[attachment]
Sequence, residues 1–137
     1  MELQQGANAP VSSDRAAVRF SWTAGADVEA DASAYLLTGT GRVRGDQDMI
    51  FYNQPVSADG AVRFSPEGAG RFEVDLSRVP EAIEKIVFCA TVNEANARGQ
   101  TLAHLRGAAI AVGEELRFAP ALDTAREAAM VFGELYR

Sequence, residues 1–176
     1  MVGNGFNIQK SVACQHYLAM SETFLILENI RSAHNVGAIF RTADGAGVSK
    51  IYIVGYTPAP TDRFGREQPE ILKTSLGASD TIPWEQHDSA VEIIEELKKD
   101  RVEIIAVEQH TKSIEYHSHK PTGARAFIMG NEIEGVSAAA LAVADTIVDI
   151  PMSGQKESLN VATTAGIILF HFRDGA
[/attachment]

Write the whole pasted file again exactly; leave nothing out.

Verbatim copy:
Sequence, residues 1–137
     1  MELQQGANAP VSSDRAAVRF SWTAGADVEA DASAYLLTGT GRVRGDQDMI
    51  FYNQPVSADG AVRFSPEGAG RFEVDLSRVP EAIEKIVFCA TVNEANARGQ
   101  TLAHLRGAAI AVGEELRFAP ALDTAREAAM VFGELYR

Sequence, residues 1–176
     1  MVGNGFNIQK SVACQHYLAM SETFLILENI RSAHNVGAIF RTADGAGVSK
    51  IYIVGYTPAP TDRFGREQPE ILKTSLGASD TIPWEQHDSA VEIIEELKKD
   101  RVEIIAVEQH TKSIEYHSHK PTGARAFIMG NEIEGVSAAA LAVADTIVDI
   151  PMSGQKESLN VATTAGIILF HFRDGA